Reduced Carbohydrate vs. Fat

This study is ongoing, but not recruiting participants.
Sponsor:
Information provided by:
National Institutes of Health Clinical Center (CC)
ClinicalTrials.gov Identifier:
NCT00846040
First received: February 14, 2009
Last updated: April 1, 2014
Last verified: March 2014
  Purpose

Background:

- Popular weight loss strategies often involve reducing an individual's consumption of carbohydrates or fat. However, no controlled study has been carried out to evaluate the effects of reducing carbohydrate versus fat consumption while keeping the other nutrients at standard levels to maintain an individual's weight. Researchers are interested in investigating how different restrictions of carbohydrates or fats affect the many processes involved in weight loss, including brain activity and blood and brain chemical composition.

Objectives:

- To determine the comparative effects of two controlled fat- or carbohydrate-restricted diets and an outpatient weight loss program on blood and brain chemical composition, weight loss (fat and lean body mass), and regional brain activity in lean and obese individuals.

Eligibility:

- Healthy individuals between 18 and 45 years of age who are either lean (body mass index between 18.5 kg/m(2) and 25 kg/m(2)) or obese (body mass index above 30.0 kg/m(2), weight less than 350 pounds) and are right-handed.

Design:

  • For obese participants, this study consists of four phases: an initial 2-day screening visit followed by two separate in-patient visits and one set of 12-week outpatient visits. For lean participants, this study consists of a scanning visit and a 2-day screening visit that will require an overnight stay.
  • Lean participants
  • Participants will be screened with a medical history, physical examination, blood and urine tests, and weight maintenance observations (food diaries and physical activity monitors).
  • For the scanning visit, participants will receive balanced meals from the National Institutes of Health to consume for 2 days before the visit. During the scanning visit, participants will continue to eat the weight maintenance diet, complete questionnaires, and have a series of imaging studies (including positron emission tomography and magnetic resonance imaging tests) to evaluate brain response to food and other stimuli.
  • Obese participants
  • Participants will be screened with a medical history, physical examination, blood and urine tests, and weight maintenance observations (food diaries and physical activity monitors).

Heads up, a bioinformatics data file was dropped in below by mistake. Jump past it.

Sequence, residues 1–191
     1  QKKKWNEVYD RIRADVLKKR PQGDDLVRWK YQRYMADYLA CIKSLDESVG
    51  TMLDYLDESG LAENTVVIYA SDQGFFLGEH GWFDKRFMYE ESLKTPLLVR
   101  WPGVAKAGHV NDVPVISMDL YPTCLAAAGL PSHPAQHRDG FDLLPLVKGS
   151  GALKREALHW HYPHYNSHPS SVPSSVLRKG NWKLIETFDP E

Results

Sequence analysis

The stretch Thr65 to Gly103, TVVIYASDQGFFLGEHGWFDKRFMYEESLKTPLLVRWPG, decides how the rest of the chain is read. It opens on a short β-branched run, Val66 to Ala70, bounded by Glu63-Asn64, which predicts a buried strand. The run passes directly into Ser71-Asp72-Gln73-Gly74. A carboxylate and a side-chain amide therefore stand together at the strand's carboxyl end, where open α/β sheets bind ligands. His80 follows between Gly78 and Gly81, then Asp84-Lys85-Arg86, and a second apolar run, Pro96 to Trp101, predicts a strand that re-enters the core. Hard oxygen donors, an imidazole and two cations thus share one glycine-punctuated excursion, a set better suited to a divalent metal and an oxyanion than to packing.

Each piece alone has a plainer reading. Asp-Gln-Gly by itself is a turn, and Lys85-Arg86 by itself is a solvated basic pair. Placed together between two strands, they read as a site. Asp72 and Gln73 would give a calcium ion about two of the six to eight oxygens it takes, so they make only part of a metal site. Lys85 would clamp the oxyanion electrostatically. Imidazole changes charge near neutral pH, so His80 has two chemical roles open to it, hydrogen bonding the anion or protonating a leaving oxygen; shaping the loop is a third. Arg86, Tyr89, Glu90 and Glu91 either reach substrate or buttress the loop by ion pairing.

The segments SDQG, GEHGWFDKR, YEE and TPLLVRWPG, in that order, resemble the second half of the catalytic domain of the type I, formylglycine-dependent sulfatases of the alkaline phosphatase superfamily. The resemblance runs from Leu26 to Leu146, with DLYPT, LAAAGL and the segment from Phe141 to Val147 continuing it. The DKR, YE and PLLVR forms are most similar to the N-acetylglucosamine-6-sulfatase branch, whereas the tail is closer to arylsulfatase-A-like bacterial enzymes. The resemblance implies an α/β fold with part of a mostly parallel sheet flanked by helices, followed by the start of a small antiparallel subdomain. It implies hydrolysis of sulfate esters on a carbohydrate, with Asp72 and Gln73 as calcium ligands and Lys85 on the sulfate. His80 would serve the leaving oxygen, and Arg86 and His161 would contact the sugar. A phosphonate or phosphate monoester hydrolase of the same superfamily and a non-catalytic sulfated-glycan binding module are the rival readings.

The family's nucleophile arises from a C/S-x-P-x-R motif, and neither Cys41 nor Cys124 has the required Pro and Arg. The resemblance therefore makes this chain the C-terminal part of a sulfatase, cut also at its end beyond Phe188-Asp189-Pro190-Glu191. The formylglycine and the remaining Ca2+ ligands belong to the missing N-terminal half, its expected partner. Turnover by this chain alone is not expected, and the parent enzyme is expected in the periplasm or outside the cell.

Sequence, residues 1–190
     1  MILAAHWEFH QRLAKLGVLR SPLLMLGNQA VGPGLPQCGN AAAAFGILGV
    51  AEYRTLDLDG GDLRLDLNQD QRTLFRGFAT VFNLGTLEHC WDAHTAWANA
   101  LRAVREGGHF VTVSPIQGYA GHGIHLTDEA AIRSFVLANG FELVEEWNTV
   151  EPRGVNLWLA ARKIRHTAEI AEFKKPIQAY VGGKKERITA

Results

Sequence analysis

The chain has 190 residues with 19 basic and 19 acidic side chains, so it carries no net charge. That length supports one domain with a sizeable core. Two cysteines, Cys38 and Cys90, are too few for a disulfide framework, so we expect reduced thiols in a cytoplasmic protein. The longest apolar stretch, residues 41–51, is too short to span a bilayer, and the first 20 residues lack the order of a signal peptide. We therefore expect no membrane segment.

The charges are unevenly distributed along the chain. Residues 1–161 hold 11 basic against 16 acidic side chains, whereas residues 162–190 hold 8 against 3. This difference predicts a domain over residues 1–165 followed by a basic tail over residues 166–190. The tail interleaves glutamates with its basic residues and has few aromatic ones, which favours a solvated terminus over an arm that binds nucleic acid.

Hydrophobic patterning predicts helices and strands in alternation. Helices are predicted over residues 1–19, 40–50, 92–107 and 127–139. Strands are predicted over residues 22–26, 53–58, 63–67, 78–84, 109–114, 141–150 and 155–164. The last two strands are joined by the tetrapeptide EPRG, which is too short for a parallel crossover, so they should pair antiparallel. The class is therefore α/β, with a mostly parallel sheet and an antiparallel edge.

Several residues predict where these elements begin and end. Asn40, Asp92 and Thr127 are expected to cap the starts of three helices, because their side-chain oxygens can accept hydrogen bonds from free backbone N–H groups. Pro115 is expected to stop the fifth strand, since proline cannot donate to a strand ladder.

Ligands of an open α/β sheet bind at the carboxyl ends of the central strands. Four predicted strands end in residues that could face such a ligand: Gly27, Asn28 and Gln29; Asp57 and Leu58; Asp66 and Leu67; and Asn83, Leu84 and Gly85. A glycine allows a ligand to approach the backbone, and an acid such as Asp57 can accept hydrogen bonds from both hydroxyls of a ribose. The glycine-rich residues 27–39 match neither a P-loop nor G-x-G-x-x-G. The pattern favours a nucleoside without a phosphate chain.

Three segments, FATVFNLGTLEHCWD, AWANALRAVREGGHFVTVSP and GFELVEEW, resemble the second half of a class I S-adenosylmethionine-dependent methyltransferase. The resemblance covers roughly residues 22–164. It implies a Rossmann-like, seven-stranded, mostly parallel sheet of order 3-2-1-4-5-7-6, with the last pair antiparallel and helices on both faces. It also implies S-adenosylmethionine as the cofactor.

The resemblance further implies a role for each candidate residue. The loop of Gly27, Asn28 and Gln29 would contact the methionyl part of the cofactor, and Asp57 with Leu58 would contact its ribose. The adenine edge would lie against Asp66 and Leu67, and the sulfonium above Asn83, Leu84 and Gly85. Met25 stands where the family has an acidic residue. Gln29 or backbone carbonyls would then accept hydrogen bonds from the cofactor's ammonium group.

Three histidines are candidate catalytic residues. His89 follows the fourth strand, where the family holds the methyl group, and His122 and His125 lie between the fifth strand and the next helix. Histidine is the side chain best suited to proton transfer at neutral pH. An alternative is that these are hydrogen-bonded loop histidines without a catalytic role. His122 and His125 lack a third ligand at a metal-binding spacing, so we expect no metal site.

• During the first inpatient visit, obese participants will eat a weight-maintenance diet for 5 days to establish baseline measurements. Following the baseline diet, participants will then be switched to either a reduced-fat or a reduced-carbohydrate diet for the next 6 days. After the controlled diet, participants will have 3 days where they will be permitted to select food as desired from a computerized vending machine system. Participants will have frequent blood and other tests throughout this visit.
  • After a 10-week washout period, participants will return for a second inpatient visit in which they will have the other (reduced-fat or reduced-carbohydrate) diet, with the same tests and procedures as before.
  • After the second in-patient visit, participants will be assigned to a 12-week outpatient weight loss program with the goal of achieving at least 5% weight loss. During this program, participants will continue to have blood tests and imaging studies to evaluate the effects of weight loss on metabolism, brain reward circuitry, and regional brain activity.
  • Participants who are available for long-term followup will have yearly visits for the next 5 years following the weight loss intervention.

Condition
Obesity

Study Type: Observational
Study Design: Time Perspective: Prospective
Official Title: Selective Reduction of Dietary Carbohydrate Versus Fat: Effects on Metabolism, Endocrine Physiology, Brain Activity and Reward Circuitry

Resource links provided by NLM:


Further study details as provided by National Institutes of Health Clinical Center (CC):